Jason Compton VIScorp 111 N. Canal Street Suite 933 Chicago, IL 60606 9/28/96 Mr. Compton, Thankyou for your call, I can only put forth the effort to communicate how important it was and is to me. And hope my continuing communication efforts succeed. Alot is up to you here. As you have expressed to me, all mail is being directed thru you. To use and analogy: a simple 741 op-amp is of greater value when the componets are added to cause/allow feedback. Without it, little if any can be accomplished. As I responded, I really do understand and already knew that until VIScorp completely has the Amiga it would not be wise to proceed with energy (manpower, finances, etc.) on that which is dependant on having the Amiga. Please know this, that I know this. So why am I still communicating, rather than waiting? Because I see something else, something important, something that is not dependant on weither or not VIScorp gets the Amiga (though it can, if there, contribute alot). What it is I see is not a tangible asset but that which is very important to producing the needed tangible assets. That which can cut thru all that has been blocking such asset production. And what this is, is the attitude to ask, really listen, think and respond with honesty, with the objective of producing value. I also recognize the struggle the Amiga has gone thru, those looking back and seeing with the 20/20 vision of hindsight, are also the ones to have reason to have this attitude. And it is this attitude and reason for it, that is extreamly important and priceless in value, a value beyond calculation simply because you cannot calculate the tangible value it creates until you have what it creates to calculate. Tangible values so many see and know could have existed by now via hindsight, but doesn't exist now due lack of having the priceless intangible value needed long ago. A priceless value that can be created/caused by struggle, but in this case it happens to be the Amiga, for so many, as the focal point of the struggle. An attitude/value worth keeping regardless of the focal point or whatever its evolutional direction becomes. At best, the focal point, the struggle, will succeed productively producing ever increasing value. And when it's time has come, it will be looked back on and appriciated for it's stepping stone value to even greater value production. As the struggle vanishes, converts to success, the priceless value, the attitude need not vanish. There are many other valid focal points to apply this attitude to, to shift the attitude focus to, rather than lose it altogether. Some focal points may, in their success, not be worth as much as others. Some will be worth a great deal more than the success of the Amiga. But it is this intangible priceless attitude that is simply to valuable to lose so easily. Jason, I could have communicated with ESCOM, but I did not. Simply because I did not hear or see any effort on their part of requesting feedback and honestly listening. Of establishing a strong and viable feedback loop with their end users/customers and all in between. Experience has proven to me that unless the ears are open, of those you put forth the effort to communicate with, there will be no valid productive feedback loop established. (i.e. Escom did not have their ears really open and it was only thru Tim Jensons little understanding of the german language that Tim was able to know and put forth the effort to correct an error on their part about him, obiviously and totally missing the fact Tim has tangible reason to love the Amiga. Clearly showing that ESCOM was never really intouch with tangible value to begin with.) I was not wrong in not trying to communicate with ESCOM, Mr. Jenson has alot more tangible proof than I, but it all comes down to asking and really listening but ESCOM never really asked. VIScorp, on the other hand, has been asking. Not once, twice but continues to ask. And VIScorp has those whom have been responding, sometimes with great effort on the part of those who need to respond (i.e. and in no small way, AAi+++, of which even you took part in). (Side-tracking, parrallel track, for a moment) BTW, Ray, owner of ACS here in Atlanta was called by ESCOM and asked what he thought about the, at the time, planned AAi banquet. His responce was lacking in support. The reason I'm telling you this is not because ESCOM didn't show, though Rays responce may have contributed to ESCOMs reason (really I'm mumbling "excuse"), but mostly for the importance of honesty and the valid feedback it allows to happen. Ray is a good person, but everytime I go over to ACS, I see or become aware of something Ray is doing without realizing it. He throws opportunity away. He often is given peices of a puzzle but throws them away before he receives the matching, value generating, peice. Only to realize to late what he did, but never correcting what he needs to correct to stop doing this. Jason, Ray is an Amiga Dealer, and I did take the time to write him about this thing he does and how to correct it. I took it to him a few days ago. I don't know if he read it. But as an Amiga Dealer, he needs to correct. You might call him, though it would be up to you as to what to say, but you are in a position to make a strong impression on him that he may make the correction he needs. Perhaps something along the lines of not throwing puzzle peices away so quickly. ACS (770) 263-7852. (Back on the main track) VIScorp, so far, appears to really have it's ears open. And in so many ways I recognize this as the best I've seen anyone, and I do anyone as in individual and/or company, having their ears really open. And I, no, alot of people, need this, right now, in a very very big way! I don't know what will become of the Amiga, I really do want to see it happen and in a very big way. But what I'm counting on here, is the open ears to hear, think, understand and know I am not on a pedistal but in a ditch being dug by those whom don't have their eyes open. And I want so much for their eyes to open and see, so to stop digging this ditch deeper and deeper but to help all of us out of it and even fill it in while filling in alot of other ditches. A ditch that is quickly becoming a canyon. Please Mr. Compton, hear what I'm saying. I looked thru my Amiga programming related books last night, Rom kernal manuals, Lattice C manuals, other Amiga programming books, as well as books on OS development, Complier and Interpreter writting. I also looked at the dictionary and thesaurus, the way they are layed out. I see the structure, logic, and representation of processes, I see what is common with all of these, I see what is constant. I thought about programming, problem solving, but most of all I see an answer to many problems, a single problem solved that can easily cause such a level of positive productive impact that I'm very concerned that you might turn away in disbelief. I'm concerned that your ears may close, that you'll be blind to something so simple, something there is no valid reason not to do. Concerned that if I tell you even some of what the impact WILL be, you'll think to yourself, nobody can tell the future and you'll be both right and wrong, but you'll still miss it. You'll be right, nobody can tell the future. You'll be wrong in that those whom are creating the furture are calculating it, have the vision to see what the future is going to be. And in their calculation, if they are wise, they know how to adjust so to keep on the track of positive productivity, value generation. What is in this for me? At best, the opportunity to earn a very good living while doing what I'm good at and enjoy. A very small reward, in comparison to the overall value the impact it will have. What is in this for VIScorp, credit for being the company that listened and did and does, and the opportunity to receive plenty of value for continuing to do. What is in this for everyone else? The removal of very costly/non-productive problems. The reduction of time, frustration and distraction caused by these non-productive problems. The availability of finances otherwise spent on dealing with these non-productive problems. Finances that can be better invested in positive productive efforts. And there is alot more to gain but this alone, it's impact as you'll see, is quite large. Although there is a great deal more to do than anyone individual or company (regardless of size) can do, it all starts with something very simple. In example of why all there is to do, is more than even the company microsoft can handle, take a good look at the AAi X-10 video, a team-work effort of the whole spectrum, from successful companies like NewTek, Motorolla, as well as the Media, politics, developers, some whom know nothing about the Amiga, and most of all user groups - the users. THE USERS! Who else could have done this with such a level of open and inherent honesty, than the users. That it is honestly the user in all of us, whom spoke up. Not the Business owner, Not the Media person, Not the - well maybe the politian, but it was the user whom spoke up. I do believe you see, know and understand this, Mr. Compton. Although I was not involved in the video or any part of the material used, I know it took time and effort on the part of many to create it. And it will take a little time before it spreads far and wide, but I know that it will. How? For the same reason someone saw and communicated the Question "Will Commodore survive?" Only here the message is good and positive. Likewise, I know success won't happen in a day, but I also know that no matter how hard and long one might try, No company, No media, No one with inherent direct personal gain, could ever cause, or would even likley know to allow, such a work and message to be communicated as the X-10 video, without something to bring them together, without the users genuine involvement. This letter is not about the X-10 video, but I am presenting you peices, very important peices, of an important puzzle to solve. A puzzle that has a solution, a simple solution. And I feel it important, that you see the peices before I identify some of the results of the problem and identify the missing peice. A problem- In the U.S. alone: 31% of software development is cancelled = $81 billion 53% of software development is challenged - late, cost overruns = $59 billion 16% of software development success. Dollar for dollar, most of the money is spent on maintaince and repair. These non-productive investments are not a complete loss, the money does go into circulation. But there is no value being generated in it transfer for non-productivity. And this is only the part that was calculated. What is not calculated is the non-productive expence of the end-user time, frustration and distraction in dealing with failure, the loss of company finances in both paying the user for their non-productive time and the resulting inability to invest this money in productive efforts. Not to go into the overall impact of this in industry in general. With just the above figures, that's over $140 billion in the U.S. alone. This is annually and it's a growing canyon, made from many small ditches. If the missing piece only corrects 1% that's $1.4 billion. But the missing peice is alot more than just a small fix. It is a key peice in bringing many together and in many ways. Jason, I told you I am not a programmer, but I realize you may find this a bit puzzling with what I have communicated to you. The fact is I did specifically go to College to take a few programming classes (Intro to programming, basic, C and advanced C programming) receiving a straight 4.0 GPA. I have as well and amoung other interest, studied on my own. Also having a background in electronics study, with 4.0 marks. But what I have done for a living has been building things, often where I'm allowed to apply my creative talents to solve problems. And although I'm above average in all of this, what I'm really good at is finding simple solutions or things that can be done to inherently improve productivity, lower cost, while maintaining quality and increasing value. And it does not seem to matter what I focus on, given enough time I'll make inherent, certain to succeed, progress. Often without the recognition I honestly am owed. The side effect of seeing and doing simple things that are often not so easy for others to see, and why they don't see and do it themselves. It is not unusual for others to find mystery in me, think I have a second life, to play head games in order to "figure me out", etc.. But I know telling you this is important to help clear up questions you may have about me, perhaps even help give support to the fact the peice of the puzzle I see is not theory, not ego based, but more than just an simple application, but an application that will take hold and with certainty. So why have I not created this peice, if it is so simple? Distractions and the need to earn an income. I did try to get a job as a C programmer but it was at a time when things were slow, employers had choice pick and I didn't and don't have a degree. Fact is, if this peice existed 8-9 years ago, I'd been able to create it with ease, but then I'd not needed to create it, however, I would have made use of it and earned a good income from making use of it. And things would be much different today, not so much because I would be using it, but that many would be using it. And alot of little things add up and cause team-work, alot of little things working together to create additional benefits otherwise not possible from not working together. Actually, for me alone, creating this peice, seeing it being applied, defining it in terms of the inherent constraints of computers, and communicating it is no simple task. It takes alot in the way of concentration in depth and width and on many subjects, focus to see and consider alot at the same time, the ability and effort to not become subjective and to know when I am becomming subjective or biased and to step back so to regain proper focus. I saw this peice and sat down at my A1000 some 8-9 years ago, thinking that with all I saw and knew about computers, electronics and programming, it wouldn't take much time to do this. But what I found was what hasn't been done, something basicly simple. Something an experienced programmer could do with a little time. Problems been, I'm not an experienced programmer (if I was I would probably be to subjective and biased). And distraction and the need to earn an income have kept me from the energy and time I need to define it in such a manner that a programmer(s) will understand enough to create it, even though they may be to subjective or biased to really fully understand its functionality (but will certainly and quickly see it or some facet/application of it and begin using it, once they have it to use). And this is important to note, so many will see only some facet of it they can use to increase their productivity. But it is simple, especially in comparison to the problems it can and will inherently solve. Jason, you may have already guessed, I'm talking about the V.I.C. and please, please, please do not be distracted or become blind due terms I have used, such as Virtual Interaction Core, Knowledge calculator, imagination, etc.. Perhaps I shouldn't have used such terms, but they are correct terms, only they are terms which will become accepted as it's use evolves. Instead of seeing these terms, look at the functionality of AI and PK as I have defined them in some detail (see disk w/VISION directory). And realize what I have defined can easily be done/programmed. Understand the rest of it, what I haven't yet defined/written, can, as well, be easily done/programmed. And once level one is done, the hardest part is over with. To use a metophore, the engine cranked and running, all that is needed is for people, developers and users to get in and go. And this will happen, perhaps slow at first but as people begin to realize they can easily combine parts they produce with part others produce (not just texual scripts, definitions and processes, but programs complied and intrepreted, as well as compilers and intrepreter). They will see and understand more and more, inherently, easily. A great deal of energy and expence went into producing the ROM Kernal manuals and other books on Amiga programming. Now I seem to believe the ROM kernal manuals had/has some kind of online aid version. I don't know enough about it to say more, but I do see such information being applied via the V.I.C. to write code. I see the information in the Lattice C manuals also being used as well as the compiler being set in motion, all via the V.I.C. I see the lists of Do's and Don'ts listed in the ROM Kernal manual being automically handeled/adheared to via the V.I.C.. I see these parts having been created separately by different companies, using whatever text format each saw fit to use for themselves. But thru the V.I.C. they can all work together to give the programmer ease and greater certainty of success and very low bug count. Actually this is rather easy for me to see, but I also see where natural language processing is then added to give the end user ability to produce programs (with the web languages and authoring packages, already many have access to programming without knowing much about programming but the ability to logically organize their thoughts and do with the given tools, but even here many that can don't because they don't have the time). I see many contributing to creating, refining, sharing improvements. I see users doing this. And this is only the subject of programming. There is alot more! Mr. Compton, I know/suspect that right now much is being sent thru you in the form of user feedback, from around the world. It has taken me these past two weeks of not working, to deal with distractions, including the physical pain of a pinched nerve in my neck, to find and apply my focus back in the V.I.C.. Only to know after I write this letter to you I'll make a few notes before I go back to work tomarrow, sunday. To work at an exhibit house and a forman I have never meet. They called me today, they are in a pinch and need me for around eight days with long hours. I need the money but I know this type of work is not good for my neck. Jason, help me to help many, please. Tim Rue email@example.com P.S. don't forget about Ray at ACS, thanks.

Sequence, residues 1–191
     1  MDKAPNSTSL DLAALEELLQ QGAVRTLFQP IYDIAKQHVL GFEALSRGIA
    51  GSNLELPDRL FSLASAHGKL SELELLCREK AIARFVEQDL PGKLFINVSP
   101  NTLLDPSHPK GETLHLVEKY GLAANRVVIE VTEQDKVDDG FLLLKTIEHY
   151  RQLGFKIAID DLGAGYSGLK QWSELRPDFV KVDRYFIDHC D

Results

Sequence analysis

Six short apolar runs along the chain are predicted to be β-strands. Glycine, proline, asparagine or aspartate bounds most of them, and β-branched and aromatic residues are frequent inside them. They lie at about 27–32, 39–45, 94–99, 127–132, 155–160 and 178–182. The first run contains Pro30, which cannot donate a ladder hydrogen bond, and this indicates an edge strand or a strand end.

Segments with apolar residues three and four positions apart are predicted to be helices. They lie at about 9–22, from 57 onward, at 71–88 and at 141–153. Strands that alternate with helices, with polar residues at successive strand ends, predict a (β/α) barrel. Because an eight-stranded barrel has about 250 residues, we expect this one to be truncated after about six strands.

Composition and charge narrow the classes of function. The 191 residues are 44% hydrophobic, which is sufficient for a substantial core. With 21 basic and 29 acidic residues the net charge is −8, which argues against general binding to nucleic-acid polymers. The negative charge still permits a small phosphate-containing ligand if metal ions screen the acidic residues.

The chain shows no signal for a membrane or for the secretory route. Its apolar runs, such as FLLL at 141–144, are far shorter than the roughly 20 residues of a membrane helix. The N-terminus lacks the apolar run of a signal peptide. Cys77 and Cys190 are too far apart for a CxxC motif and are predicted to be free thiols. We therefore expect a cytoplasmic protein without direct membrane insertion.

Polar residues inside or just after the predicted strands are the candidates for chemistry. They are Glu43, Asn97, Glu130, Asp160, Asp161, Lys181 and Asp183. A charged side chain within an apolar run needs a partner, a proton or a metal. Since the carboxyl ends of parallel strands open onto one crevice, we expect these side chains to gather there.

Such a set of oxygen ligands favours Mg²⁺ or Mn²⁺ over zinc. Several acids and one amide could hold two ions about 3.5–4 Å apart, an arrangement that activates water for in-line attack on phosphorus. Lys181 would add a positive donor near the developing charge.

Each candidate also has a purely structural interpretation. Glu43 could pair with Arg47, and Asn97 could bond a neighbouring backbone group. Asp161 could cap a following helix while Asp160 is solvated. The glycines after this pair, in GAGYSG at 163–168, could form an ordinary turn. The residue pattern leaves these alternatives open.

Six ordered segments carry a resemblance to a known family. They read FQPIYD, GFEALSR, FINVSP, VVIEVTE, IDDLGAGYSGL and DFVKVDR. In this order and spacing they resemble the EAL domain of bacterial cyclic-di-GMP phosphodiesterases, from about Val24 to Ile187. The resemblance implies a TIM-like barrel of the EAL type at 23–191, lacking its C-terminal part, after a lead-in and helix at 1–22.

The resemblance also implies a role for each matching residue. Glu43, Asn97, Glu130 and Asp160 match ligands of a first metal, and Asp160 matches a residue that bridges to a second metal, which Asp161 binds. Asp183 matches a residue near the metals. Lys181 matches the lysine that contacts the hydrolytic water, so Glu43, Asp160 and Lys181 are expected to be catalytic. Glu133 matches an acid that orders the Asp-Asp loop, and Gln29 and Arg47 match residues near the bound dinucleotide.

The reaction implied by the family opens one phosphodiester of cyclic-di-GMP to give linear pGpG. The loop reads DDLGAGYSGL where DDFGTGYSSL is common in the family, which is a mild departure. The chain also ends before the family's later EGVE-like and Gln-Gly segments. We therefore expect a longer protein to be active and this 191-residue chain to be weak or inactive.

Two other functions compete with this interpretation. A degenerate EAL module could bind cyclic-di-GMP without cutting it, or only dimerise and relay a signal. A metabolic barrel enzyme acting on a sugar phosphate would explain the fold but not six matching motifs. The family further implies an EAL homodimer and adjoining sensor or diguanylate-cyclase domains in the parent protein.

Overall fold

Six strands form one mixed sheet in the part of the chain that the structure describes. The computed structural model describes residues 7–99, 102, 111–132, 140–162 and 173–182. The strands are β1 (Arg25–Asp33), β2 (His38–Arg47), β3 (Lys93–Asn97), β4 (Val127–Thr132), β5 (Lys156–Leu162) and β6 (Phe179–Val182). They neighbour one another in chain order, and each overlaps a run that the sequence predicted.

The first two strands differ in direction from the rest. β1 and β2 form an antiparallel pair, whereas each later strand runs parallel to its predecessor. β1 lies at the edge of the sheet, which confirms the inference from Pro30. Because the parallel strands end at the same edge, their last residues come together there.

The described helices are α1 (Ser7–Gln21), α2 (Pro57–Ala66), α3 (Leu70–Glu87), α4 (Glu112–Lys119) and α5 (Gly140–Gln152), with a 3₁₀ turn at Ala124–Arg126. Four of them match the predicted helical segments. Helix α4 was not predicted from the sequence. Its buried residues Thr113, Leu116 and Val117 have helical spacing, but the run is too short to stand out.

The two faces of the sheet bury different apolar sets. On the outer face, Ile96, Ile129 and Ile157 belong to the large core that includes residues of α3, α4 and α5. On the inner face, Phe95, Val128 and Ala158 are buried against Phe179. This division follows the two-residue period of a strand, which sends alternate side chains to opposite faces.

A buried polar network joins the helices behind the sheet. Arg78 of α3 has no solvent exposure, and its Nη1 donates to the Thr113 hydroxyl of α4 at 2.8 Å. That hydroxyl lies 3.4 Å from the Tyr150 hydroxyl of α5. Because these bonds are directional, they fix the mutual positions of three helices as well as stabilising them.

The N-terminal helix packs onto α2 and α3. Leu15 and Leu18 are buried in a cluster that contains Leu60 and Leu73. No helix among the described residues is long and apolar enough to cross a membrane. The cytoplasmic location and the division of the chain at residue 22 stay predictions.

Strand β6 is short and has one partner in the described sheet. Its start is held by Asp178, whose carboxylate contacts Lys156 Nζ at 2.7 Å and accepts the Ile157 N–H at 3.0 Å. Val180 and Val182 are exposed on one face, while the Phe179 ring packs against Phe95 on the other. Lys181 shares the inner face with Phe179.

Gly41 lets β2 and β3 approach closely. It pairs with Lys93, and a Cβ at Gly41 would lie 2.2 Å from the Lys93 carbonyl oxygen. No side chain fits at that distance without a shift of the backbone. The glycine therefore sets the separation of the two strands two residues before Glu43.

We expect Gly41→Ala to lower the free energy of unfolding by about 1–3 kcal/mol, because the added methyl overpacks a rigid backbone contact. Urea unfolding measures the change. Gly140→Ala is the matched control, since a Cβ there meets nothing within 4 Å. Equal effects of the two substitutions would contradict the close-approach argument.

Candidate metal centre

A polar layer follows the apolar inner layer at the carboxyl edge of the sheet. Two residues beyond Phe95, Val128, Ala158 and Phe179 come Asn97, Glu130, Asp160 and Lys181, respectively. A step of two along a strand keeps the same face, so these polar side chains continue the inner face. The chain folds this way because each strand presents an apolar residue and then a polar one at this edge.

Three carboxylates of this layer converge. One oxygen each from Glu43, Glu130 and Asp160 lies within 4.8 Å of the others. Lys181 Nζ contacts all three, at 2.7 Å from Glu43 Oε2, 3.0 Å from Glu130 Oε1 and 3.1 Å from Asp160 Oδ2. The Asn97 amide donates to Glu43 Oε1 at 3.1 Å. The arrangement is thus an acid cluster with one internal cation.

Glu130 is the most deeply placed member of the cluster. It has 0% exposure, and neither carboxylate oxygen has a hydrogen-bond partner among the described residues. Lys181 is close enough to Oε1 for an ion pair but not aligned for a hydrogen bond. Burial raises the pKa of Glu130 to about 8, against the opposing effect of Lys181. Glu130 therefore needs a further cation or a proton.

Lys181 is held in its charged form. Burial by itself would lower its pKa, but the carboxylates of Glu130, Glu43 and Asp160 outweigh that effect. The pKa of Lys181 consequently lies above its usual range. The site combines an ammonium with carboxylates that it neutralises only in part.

Copyright © 1988, 1994, 1996 Timothy V. Rue